Oom Jusfiq, numpang tanya dan mohon petromaksnya. Apa agama yang
dipeluk oleh para bajak laut
asal Somalia itu? Apakah mereka Islam?
Kalau mereka beragama Islam, kenapa mereka jadi bajak laut?
Apakah mereka mengikuti ajaran yang keliru sehingga menghalalkan
segala cara untuk cari duit?
--- In email@example.com, Jusfiq Hadjar [EMAIL PROTECTED] wrote:
Ransoms bring wealth to Somali pirate bases
Sun Nov 23, 2008 2:50am EST
By Abdiqani Hassan
BOSASSO, Somalia (Reuters) - As dawn breaks over the Indian Ocean
each morning, elders in Somali pirate bases sip strong coffee and
clutch mobile phones to their ears, eager to hear the latest from the
gunmen out at sea.
Have any more ships been hijacked or ransom talks concluded? Any
news of the Western warships hunting them?
Last weekend's spectacular capture of a Saudi Arabian supertanker
loaded with oil worth $100 million has jacked up the stakes in what is
probably the only growth industry in the failed Horn of Africa state.
Massive ransoms have brought rapid development to former fishing
villages that now thrive with business and boast new beachside hotels,
patronized by cash-rich buccaneers who have become local celebrities
Investors have been attracted from around Somalia.
There are some 'pirates' who never shoulder a gun or go out into
the ocean, but they own boats which earn them a hell of a lot of
money, gang member Bashir Abdulle told Reuters by phone from Eyl, the
most notorious of the pirates' strongholds.
Just three years ago, maritime security experts estimated there were
just five Somali pirate groups and fewer than 100 gunmen in total. Now
they think there are more than 1,200.
Some analysts trace the gangs' roots to ties forged with criminal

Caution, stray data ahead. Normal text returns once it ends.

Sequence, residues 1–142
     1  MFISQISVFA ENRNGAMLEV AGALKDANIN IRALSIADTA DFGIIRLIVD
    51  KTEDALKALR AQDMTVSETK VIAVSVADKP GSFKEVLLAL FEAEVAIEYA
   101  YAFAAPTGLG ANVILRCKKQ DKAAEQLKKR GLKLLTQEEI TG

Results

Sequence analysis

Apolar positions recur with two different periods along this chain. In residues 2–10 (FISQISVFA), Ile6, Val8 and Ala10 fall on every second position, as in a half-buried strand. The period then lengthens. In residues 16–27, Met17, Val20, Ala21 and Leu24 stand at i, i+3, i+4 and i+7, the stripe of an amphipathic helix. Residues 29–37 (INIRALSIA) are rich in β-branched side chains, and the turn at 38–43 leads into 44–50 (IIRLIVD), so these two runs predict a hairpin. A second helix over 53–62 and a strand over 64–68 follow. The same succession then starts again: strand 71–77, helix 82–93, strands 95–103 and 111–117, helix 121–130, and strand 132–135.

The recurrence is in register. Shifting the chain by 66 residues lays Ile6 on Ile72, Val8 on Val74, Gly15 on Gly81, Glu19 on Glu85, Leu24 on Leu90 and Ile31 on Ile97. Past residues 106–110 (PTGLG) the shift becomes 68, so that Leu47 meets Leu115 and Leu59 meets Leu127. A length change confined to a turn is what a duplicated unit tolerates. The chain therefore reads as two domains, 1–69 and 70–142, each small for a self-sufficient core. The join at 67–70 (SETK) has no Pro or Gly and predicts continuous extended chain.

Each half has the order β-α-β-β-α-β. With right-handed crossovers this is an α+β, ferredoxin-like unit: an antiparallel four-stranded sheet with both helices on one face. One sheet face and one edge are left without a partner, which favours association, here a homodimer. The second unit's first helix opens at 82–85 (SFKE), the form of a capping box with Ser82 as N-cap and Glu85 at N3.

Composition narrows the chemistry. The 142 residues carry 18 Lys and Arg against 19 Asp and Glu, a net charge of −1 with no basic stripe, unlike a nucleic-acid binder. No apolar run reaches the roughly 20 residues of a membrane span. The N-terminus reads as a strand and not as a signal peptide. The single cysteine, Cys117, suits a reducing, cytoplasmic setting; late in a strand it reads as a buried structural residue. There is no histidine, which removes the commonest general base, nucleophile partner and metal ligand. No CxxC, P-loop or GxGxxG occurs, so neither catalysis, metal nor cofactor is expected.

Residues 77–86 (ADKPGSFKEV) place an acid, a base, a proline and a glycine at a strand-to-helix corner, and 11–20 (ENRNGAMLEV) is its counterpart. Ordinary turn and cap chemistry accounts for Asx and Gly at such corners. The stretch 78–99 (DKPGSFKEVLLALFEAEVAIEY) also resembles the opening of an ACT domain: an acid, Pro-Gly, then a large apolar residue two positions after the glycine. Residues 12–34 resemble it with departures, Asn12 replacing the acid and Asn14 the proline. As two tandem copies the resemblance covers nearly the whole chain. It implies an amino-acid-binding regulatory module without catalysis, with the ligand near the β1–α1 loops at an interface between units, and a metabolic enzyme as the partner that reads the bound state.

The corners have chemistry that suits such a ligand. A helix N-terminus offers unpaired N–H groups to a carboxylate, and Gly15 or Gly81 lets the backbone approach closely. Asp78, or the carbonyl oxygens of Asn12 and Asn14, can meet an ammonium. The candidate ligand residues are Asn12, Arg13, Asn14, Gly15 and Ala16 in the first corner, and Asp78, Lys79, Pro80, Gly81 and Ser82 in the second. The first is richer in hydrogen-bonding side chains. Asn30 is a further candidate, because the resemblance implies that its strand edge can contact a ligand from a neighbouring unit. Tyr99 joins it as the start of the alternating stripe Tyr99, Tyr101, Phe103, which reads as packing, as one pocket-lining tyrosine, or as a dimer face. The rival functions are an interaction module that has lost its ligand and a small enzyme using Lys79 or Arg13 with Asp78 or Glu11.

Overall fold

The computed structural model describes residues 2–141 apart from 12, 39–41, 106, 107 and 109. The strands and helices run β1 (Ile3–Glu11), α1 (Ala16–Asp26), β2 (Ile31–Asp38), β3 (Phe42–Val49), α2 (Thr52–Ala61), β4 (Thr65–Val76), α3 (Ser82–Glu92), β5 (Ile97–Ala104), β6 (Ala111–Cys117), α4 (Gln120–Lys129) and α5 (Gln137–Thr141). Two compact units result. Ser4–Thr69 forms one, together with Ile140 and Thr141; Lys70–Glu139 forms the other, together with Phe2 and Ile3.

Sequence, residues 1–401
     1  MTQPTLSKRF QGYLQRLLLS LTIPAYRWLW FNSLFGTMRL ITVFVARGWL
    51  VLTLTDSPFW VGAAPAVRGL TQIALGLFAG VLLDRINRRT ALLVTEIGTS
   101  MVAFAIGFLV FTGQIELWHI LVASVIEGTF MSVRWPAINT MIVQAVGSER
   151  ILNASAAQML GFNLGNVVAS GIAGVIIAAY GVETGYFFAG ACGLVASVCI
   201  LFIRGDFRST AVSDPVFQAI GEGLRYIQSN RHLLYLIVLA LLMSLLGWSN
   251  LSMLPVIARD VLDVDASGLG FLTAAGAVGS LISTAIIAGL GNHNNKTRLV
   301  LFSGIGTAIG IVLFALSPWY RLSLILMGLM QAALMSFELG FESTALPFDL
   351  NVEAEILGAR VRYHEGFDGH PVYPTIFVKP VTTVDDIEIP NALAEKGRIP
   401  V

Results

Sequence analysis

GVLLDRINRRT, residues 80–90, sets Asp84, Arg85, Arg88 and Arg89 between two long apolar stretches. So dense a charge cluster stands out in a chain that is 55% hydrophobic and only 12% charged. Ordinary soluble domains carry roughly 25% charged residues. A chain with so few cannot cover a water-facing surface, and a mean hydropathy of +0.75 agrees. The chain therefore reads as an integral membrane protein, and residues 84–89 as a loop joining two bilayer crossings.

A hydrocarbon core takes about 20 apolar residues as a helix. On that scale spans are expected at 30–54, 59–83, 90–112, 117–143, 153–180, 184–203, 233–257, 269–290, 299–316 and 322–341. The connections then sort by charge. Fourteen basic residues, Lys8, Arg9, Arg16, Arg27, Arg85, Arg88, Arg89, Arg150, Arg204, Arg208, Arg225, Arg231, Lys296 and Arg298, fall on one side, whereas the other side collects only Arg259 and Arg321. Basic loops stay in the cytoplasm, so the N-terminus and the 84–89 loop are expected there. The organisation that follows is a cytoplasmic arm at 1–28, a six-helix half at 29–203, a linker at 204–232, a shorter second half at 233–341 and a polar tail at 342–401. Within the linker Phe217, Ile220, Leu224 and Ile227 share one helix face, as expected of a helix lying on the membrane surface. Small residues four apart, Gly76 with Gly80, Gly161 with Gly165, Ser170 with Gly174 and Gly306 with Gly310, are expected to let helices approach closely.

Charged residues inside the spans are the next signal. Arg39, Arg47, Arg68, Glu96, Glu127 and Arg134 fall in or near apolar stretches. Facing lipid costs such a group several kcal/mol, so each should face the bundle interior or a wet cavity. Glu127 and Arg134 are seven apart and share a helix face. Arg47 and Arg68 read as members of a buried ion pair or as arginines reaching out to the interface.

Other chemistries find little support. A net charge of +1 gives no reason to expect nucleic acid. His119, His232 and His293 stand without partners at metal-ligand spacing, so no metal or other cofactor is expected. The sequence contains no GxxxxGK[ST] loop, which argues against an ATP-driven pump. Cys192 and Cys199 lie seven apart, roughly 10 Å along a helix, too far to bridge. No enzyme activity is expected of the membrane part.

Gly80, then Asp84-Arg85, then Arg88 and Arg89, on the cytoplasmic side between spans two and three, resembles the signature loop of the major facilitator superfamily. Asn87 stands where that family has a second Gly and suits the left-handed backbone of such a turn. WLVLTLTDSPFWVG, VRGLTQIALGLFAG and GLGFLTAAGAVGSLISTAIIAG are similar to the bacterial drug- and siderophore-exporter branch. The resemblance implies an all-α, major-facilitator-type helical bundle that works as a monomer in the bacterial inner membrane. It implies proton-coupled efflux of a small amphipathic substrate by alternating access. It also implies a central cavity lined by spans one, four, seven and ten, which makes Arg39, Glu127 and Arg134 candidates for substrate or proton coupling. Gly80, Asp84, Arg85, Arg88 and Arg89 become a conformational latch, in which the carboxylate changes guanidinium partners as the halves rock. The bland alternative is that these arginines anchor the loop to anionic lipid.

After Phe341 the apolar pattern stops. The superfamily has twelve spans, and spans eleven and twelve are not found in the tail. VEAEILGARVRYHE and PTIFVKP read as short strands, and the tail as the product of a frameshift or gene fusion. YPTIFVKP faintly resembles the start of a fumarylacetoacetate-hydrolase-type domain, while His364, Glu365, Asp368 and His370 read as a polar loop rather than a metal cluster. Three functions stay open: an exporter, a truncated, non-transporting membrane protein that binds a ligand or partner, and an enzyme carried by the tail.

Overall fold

networks across the Gulf of Aden in Yemen during years of
Others say the buccaneers began life as a rag-tag coast guard
formed by elders enraged by European fishing fleets illegally trawling
Somali territorial waters for tuna, and even more clandestine craft
dumping deadly toxic waste on its shore.
LINKS TO REBELS?
But the biggest lure now, of course, is the vast ransoms being paid
for captured ships. Kenya says it thinks the pirates have received
more than $150 million this year alone.
Many young men who used to work as bodyguards and militia fighters
for Somalia's many warlords and feuding politicians have quit with
their guns to chase the rewards available out on the waves.
And most worrying for the international community, some analysts see
links between the pirates and Islamist militants who control Somalia's
south and are advancing slowly on Mogadishu.
In some areas, residents say the pirates are the only ones allowed
to defy night time curfews imposed by the Islamists.
For their part, militant leaders deny any connections and have vowed
to attack the gang holding the Saudi supertanker in retaliation for
their hijacking a Muslim ship.
Russia has proposed raiding the pirates' land bases such as Eyl, but
the NATO alliance has said African nations must take the lead. Few in
the gunmen's strongholds showed any fear.
I know piracy isn't good, but if it wasn't for them I wouldn't be
able to make a living, shrugs Kadija Duale, a mother of four in Eyl.
She sells the gunmen $3 cups of tea on credit, then collects when they
receive their share of ransoms.
A kilo of khat, a popular mild narcotic plant, now costs $65 in Eyl,
compared with $20 elsewhere, thanks to pirate demand.
Eyl is in the semi-autonomous northern province of Puntland -- whose
main port is Bosasso -- though the Saudi ship is being held further
south in Haradheere port, another center of piracy.
As the profits from the crime wave draw in businessmen from around
the country, residents in the pirate's coastal bases -- and some
inland towns -- have seen development in recent months that is
unprecedented in their anarchic nation.
Abdiqadir Yusuf Ow Muse, the Eyl chairman, said his village had
existed since 1927, but had long been only a tiny fishing community.
This year, he told Reuters, all that had changed.
Now it's a district with almost all facilities you would expect,
because of the convergence of rich pirates, he said.
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Jusfiq Hadjar gelar Sutan Maradjo Lelo